He appears initially as a white knight, defending India Stoker from the school bullies that torment her. Mechanically, this scene has two functions. First, it introduces the male friend/plot device, ingratiating him to India and to us when he takes up her defense, so that it's a surprise (weren't you surprised?) when he tries to rape her later. Its second function was to show India's propensity for violence, insofar as she draws first blood in the brief, interrupted altercation between her and the bully, using a sharpened pencil to block a blow from his fist and inflict a shallow but no doubt painful puncture wound. It doesn't really satisfy this latter function, of course, because she uses perfectly proportional force to hurt somebody who, frankly, with his outstanding threats of grave bodily harm, has opened himself up to being straight-up killed with hardly any legal ramifications whatsoever on India's part. And if we're supposed to be considering any moral implications, they're swallowed up by the obvious permissibility of the violence employed.
It scans, then, as the shittiest shorthand imaginable. Yet, moved to the beginning of the film, rewritten with female, mostly social bullies of the Mean Girls variety, it could have worked, coming off as neither completely retarded, as it does, nor entirely in service to plot mechanics, as it also does. The sequence, though terrible, already looks rather cool; and how much cooler could it have been if this were our first glimpse of our heroine, if she'd followed up by sending her persecutor to the hospital, and the film had thus established the psychiatric troubles that it assumes she's always had but never once shows until it's convenient for her?
But instead it occurs as described, and (again) halfway through the film, when it's far too late in the movie for any of these introductions to be occurring—not just because of the running time that's elapsed, but because at this point she's already found the body of one of Charlie's (poorly concealed) victims. She may have, in an interesting touch, reacted with the low affect of a sociopath to her discovery, but the film is structured so that the only conclusion to draw is that Charlie's murder has taught her that violence is possible—when every other detail of the plot and her characterization depends vitally upon her being born bad, at least as inherently bad as her uncle. Stoker is a film explicitly about nature over nurture that totally forgets its own point for dozens of minutes at a time and it's incredibly annoying.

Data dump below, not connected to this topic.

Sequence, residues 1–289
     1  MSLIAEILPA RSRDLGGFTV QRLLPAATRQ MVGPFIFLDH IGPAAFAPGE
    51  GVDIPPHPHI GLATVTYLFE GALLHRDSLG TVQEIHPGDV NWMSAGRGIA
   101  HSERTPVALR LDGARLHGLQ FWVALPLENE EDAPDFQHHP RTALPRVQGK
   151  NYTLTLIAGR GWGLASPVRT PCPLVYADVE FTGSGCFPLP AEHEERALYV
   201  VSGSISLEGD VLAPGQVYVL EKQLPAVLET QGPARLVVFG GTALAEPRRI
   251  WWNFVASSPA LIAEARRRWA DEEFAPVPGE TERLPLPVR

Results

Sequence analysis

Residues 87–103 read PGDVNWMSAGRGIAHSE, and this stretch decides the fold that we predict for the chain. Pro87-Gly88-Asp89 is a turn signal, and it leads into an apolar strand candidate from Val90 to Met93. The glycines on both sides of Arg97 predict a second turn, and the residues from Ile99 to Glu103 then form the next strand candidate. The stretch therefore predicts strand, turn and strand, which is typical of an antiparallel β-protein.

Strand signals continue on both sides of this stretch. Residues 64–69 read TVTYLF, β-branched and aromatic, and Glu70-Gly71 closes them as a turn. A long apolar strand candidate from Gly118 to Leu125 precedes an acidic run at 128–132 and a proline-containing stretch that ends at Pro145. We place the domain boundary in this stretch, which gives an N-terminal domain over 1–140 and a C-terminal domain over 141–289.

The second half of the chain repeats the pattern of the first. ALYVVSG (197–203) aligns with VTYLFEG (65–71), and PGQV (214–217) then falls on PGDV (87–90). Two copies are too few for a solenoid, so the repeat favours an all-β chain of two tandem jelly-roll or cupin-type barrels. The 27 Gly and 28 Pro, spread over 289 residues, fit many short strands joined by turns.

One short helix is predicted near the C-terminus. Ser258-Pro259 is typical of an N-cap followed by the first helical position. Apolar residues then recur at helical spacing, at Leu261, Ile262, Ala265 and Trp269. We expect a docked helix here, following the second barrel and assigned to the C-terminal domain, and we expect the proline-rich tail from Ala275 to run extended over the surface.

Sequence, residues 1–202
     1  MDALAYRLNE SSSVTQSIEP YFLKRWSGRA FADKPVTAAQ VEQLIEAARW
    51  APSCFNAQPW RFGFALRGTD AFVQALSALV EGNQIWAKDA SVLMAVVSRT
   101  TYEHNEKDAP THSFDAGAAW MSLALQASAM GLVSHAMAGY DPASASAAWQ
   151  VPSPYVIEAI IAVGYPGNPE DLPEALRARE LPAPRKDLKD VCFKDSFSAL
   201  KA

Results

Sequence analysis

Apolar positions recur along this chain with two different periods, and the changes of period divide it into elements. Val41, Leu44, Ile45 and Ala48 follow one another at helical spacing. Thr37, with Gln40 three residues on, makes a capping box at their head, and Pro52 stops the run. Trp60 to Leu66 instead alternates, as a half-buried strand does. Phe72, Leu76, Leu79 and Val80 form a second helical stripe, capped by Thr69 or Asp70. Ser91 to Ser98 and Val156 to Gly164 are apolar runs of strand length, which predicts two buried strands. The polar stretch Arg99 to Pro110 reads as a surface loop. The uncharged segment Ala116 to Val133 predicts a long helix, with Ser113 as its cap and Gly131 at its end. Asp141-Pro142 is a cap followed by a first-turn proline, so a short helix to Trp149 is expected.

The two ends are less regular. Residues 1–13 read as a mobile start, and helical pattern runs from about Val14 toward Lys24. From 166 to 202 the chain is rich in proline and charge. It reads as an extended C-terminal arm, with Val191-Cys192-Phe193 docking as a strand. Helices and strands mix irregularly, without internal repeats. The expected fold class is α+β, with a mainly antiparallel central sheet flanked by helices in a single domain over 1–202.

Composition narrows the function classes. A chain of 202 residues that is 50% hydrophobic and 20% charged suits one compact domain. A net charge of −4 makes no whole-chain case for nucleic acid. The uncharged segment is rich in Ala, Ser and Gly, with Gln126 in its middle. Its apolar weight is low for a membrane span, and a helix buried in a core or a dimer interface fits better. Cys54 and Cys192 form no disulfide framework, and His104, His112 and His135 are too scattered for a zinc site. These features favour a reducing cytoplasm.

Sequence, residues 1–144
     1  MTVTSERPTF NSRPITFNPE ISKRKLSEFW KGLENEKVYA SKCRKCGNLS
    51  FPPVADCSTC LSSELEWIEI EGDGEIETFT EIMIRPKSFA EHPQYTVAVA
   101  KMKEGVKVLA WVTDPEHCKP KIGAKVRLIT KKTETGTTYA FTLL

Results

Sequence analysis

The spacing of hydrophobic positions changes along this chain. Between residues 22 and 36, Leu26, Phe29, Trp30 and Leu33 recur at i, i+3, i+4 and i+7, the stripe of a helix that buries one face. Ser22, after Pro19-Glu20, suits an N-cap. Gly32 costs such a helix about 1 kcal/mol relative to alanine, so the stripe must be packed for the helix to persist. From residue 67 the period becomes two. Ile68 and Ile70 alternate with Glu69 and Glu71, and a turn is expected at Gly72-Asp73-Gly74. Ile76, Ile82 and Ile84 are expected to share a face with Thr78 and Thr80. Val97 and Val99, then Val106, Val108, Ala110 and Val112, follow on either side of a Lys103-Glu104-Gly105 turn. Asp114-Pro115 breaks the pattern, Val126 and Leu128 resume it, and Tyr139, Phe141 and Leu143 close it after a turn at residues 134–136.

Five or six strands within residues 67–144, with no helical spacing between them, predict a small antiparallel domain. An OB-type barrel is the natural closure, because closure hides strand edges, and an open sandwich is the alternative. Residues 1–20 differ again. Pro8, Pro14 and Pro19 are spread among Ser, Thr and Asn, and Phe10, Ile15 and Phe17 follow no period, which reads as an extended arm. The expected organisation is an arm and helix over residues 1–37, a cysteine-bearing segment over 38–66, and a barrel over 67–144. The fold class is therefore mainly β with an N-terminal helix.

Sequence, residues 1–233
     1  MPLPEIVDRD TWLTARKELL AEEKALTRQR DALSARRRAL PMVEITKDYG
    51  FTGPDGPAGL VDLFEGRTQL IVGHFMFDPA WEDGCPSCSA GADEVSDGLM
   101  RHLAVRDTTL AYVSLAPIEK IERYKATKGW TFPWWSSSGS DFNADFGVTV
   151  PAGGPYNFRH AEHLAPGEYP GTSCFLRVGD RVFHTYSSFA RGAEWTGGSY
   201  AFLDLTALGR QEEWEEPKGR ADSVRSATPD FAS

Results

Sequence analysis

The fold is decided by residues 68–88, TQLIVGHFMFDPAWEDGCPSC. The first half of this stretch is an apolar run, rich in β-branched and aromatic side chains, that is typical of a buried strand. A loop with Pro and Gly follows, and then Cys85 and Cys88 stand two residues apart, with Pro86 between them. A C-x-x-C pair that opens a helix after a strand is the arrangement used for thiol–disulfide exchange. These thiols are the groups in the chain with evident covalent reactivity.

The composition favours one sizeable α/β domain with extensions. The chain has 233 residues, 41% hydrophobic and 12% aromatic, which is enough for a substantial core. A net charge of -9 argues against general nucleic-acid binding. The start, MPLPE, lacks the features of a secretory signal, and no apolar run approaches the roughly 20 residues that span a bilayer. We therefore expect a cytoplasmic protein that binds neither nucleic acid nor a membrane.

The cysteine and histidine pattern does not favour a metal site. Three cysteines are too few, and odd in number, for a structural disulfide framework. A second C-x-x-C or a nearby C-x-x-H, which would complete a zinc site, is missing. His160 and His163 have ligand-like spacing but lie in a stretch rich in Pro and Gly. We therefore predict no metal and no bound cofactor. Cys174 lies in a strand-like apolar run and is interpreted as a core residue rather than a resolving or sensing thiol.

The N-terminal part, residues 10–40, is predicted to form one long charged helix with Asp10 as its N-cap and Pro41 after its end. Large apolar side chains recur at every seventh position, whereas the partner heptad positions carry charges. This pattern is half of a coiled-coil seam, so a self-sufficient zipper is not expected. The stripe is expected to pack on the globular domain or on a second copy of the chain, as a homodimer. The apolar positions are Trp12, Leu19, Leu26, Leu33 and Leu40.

This is why Stoker direly needed India to be shown as violently disordered early and often. It's expressly stated that her father knew that something evil was lurking inside her—when it's said that he took her hunting so that she could do something bad to stop her from doing something worse, one is entirely in the dark as to what triggered his concern, other than his own history with his brother. I'm afraid her non-reaction to Park's crappy CGI athropods—here a shimmery pair of possibly-hallucinated spiders—is not nearly enough, even for someone who's seen Oldboy dozens of times and knows that bugs are meant to represent profound mental illness.
Up until a pretty late point in the film, it's still possible to surmise that India is the latest in a family of killers (note the scene where Evelyn catches India's hand, and wonder if it might not be a remnant of a draft where she was a predator too). This promised concept is far more intriguing than this largely toothless mash-up of Lolita (with an 18 year old) and Red Dragon (with an unconflicted villain protagonist who still barely kills anybody) that we actually get.
The final nail in the narrative's coffin are the revelations involving Charlie himself. We are constantly braced for the moment we discover that something in India's unremembered past has bound the two of them together—there is a "something," but it has nothing to do with India whatsoever, and hence is entirely perpendicular to the actual movie we're actually watching. Simultaneously delusional and magically correct, unrecognizable as even a cartoon of a human due to a script that confuses sociopathy with complete delusionality, Charlie has never met India once, yet knows she is just like him—and it's just as stupid a twist as I make it sound. Maybe stupider.
Despite all these flaws, Stoker is a watchable film—profoundly watchable, thanks to the very game actors and Chung's camera. And yet, one is always aware of how weak this effort is in comparison to Park's previous work in the same vein. While one never gets a sense of studio interference—it goes far too far already for a bit more blood or a bit more sex to have possibly mattered in terms getting an R, I think—you only feel Park passionately pushing the limits of good taste to find the truth of his material exactly once in Stoker's entire 99 minutes, and then quickly retreating back to the more comfortable position of simply not giving a damn about anything but his cinematographer's lush and enticing visual style.